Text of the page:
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China To Pelosi: You Will ‘Perish’ Over Taiwan

China To Pelosi: You Will ‘Perish’ Over Taiwan

Authored by Gordon Chang via 19fortyfive.com,

“The position of the Chinese government and…

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China To Pelosi: You Will 'Perish' Over Taiwan

Authored by Gordon Chang via 19fortyfive.com,

“The position of the Chinese government and people on the Taiwan question is consistent, and resolutely safeguarding China’s national sovereignty and territorial integrity is the firm will of the more than 1.4 billion Chinese people,” Chinese ruler Xi Jinping told President Joe Biden during their phone call on July 28, according to the Chinese foreign ministry. “The public opinion cannot be defied. Those who play with fire will perish by it.”

“Perish”?

Xi’s dire-sounding warning, issued in connection with reports that House Speaker Nancy Pelosi plans to go to Taiwan, suggests either that Xi Jinping perceives Biden to be so weak that he can push him around or that China’s internal problems are so severe that the Communist Party must create an external crisis to distract the Chinese people. In the worst case, both are true.

For about a decade, Chinese leaders have believed the United States has been in terminal decline, and their regime will soon ascend to global dominance.

Biden, at least in their minds, has confirmed this view.

His calamitous withdrawal from Afghanistan and his failure to stop Russia’s invasion of Ukraine left Beijing thinking that it can now do what it wants to Taiwan.

At the same time, Xi’s threat could be the result of regime insecurity. He needs an external crisis so that the Chinese people won’t think too much about the internal ones. Inside China, coronavirus continues to infect the population, and Xi’s “dynamic zero-COVID” policy is causing widespread resentment as well as undermining the ailing economy.

China’s economy, despite the report of 0.4% year-to-year growth in the second quarter, is almost certainly contracting.

At the same time, the debt crisis, delayed for more than a decade, has been hitting the country. Evergrande Group and other large property developers are defaulting on bond and other obligations, apartment projects remain unfinished, buyers of flats are participating in a nationwide “mortgage boycott” by not paying banks, the boycott has spread to suppliers of the developers, and financial institutions across the country are tight on cash. There are bank runs, especially in Henan province, but banks in the financial capital of Shanghai are also in poor condition.

Because property sales have plunged—the sales of the top 100 developers fell 50.3% in the first half of this year—local governments, dependent on property revenue, cannot meet obligations.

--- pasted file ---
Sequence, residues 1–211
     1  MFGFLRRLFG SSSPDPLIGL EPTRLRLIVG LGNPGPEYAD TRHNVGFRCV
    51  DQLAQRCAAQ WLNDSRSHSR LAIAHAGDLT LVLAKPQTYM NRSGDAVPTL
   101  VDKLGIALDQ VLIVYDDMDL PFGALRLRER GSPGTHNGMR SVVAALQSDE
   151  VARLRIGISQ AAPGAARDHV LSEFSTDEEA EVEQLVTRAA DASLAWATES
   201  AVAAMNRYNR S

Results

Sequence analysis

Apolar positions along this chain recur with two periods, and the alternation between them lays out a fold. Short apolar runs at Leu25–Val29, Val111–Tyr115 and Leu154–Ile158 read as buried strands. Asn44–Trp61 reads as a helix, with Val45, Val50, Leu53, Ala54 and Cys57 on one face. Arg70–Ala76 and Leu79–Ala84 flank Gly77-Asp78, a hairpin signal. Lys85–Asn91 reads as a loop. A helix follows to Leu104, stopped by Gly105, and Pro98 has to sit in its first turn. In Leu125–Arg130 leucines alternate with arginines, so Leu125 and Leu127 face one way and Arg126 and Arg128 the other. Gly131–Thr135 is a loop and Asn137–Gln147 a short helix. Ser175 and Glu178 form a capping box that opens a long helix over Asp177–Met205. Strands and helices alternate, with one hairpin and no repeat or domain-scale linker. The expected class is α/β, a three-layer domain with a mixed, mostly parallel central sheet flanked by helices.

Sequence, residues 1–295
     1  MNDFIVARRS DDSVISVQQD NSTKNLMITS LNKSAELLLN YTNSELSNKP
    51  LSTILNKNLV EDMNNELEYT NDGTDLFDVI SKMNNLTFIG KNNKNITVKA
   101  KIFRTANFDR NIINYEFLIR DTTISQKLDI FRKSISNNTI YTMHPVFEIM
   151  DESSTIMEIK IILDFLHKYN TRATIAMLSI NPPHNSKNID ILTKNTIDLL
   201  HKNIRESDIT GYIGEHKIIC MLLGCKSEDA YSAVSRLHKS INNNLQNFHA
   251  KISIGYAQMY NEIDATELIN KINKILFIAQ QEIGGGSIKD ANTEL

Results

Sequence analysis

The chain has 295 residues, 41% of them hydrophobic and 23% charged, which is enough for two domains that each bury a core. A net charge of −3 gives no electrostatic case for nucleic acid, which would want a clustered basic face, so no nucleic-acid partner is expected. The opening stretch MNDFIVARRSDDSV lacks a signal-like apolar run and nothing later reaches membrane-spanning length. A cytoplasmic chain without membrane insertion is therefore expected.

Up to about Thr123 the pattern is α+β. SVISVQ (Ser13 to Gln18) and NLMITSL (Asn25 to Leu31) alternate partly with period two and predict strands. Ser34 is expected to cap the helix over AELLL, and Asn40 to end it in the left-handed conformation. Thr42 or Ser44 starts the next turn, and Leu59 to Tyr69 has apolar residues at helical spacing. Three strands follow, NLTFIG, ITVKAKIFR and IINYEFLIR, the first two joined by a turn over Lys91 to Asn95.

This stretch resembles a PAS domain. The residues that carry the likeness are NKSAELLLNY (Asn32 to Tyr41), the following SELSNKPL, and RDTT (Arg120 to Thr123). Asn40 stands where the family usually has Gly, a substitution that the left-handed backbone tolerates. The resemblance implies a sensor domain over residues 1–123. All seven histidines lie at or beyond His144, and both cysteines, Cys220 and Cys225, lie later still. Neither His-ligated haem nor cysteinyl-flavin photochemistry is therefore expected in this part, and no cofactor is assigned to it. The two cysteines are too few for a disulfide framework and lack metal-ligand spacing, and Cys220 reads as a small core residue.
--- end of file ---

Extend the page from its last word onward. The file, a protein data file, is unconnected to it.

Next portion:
A Chinese entrepreneur this month told me that local cadres are trying to extort tens of millions of dollars from his firm. The fiscal problems at lower levels mirror those at the central government. Xi, under the banner of his “Common Prosperity” program, has been extracting tens of billions of dollars from tech giants such as Tencent and Alibaba.

Xi is also leading a nationwide mobilization effort, something signaled by the amendment of China’s National Defense Law, effective the beginning of last year, to transfer power from civilian to military officials, specifically from the central government’s State Council to the Communist Party’s Central Military Commission. The State Council will no longer supervise the mobilization of the People’s Liberation Army, which reports to the Party.

Although the Party has always been in control, the amendment contemplates the mass mobilization of society for war. Owners of private businesses are now being told to manufacture what the Party dictates, a move seen as building up stockpiles for conflict.

Many American analysts say that Speaker Pelosi is provoking a crisis with her reported plans to visit self-governing and democratic Taiwan, which Beijing claims is sovereign Chinese territory. That view is incorrect.

Xi Jinping needs no “provocation” from the Speaker to lash out. Currently, Chinese forces, already below the Line of Actual Control in Ladakh, are preparing to take more Indian territory in the Himalayas. In June, Beijing renewed attempts to block resupply of a Philippine outpost at Second Thomas Shoal, in the South China Sea. In the East China Sea on July 29, four Chinese warships entered Japanese sovereign water around the disputed but Japanese-controlled Senkaku Islands.

Furthermore, as Chairman of the Joint Chiefs of Staff General Mark Milley pointed out while in Sydney, “Chinese military activity is noticeably and statistically more aggressive than in previous years.” On May 26, for instance, a high-performance Chinese fighter jet accelerated and flew close to an Australian Royal Air Force P-8 reconnaissance aircraft in international airspace in the South China Sea region and released chaff, which was ingested into one of the P-8’s two engines. The Chinese jet also fired flares. This is believed to be the first time any military has used chaff and flares in this manner.

The Chinese defense ministry on July 28, in connection with Pelosi’s reported trip to Taiwan, stated “action is the most powerful language.” Chinese journalist Hu Xijin, who is often used to signal regime positions, on July 29 detailed the circumstances in which China’s military is prepared to bring down the Speaker’s plane.

There are no longer any safe options.

The most dangerous, at least in the long run, is for Speaker Pelosi to back down. By backing down, she will legitimize the most belligerent elements in the Chinese capital by showing everyone else that threats work.

This is now more than just a test of will.

Tyler Durden Sun, 07/31/2022 - 23:00

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Russia’s energy war: Putin’s unpredictable actions and looming sanctions could further disrupt oil and gas markets

Russian President Vladimir Putin has not hesitated to use energy as a weapon. An expert on global energy markets analyzes what could come next.

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The new Baltic Pipe natural gas pipeline connects Norwegian natural gas fields in the North Sea with Denmark and Poland, offering an alternative to Russian gas. Sean Gallup/Getty Images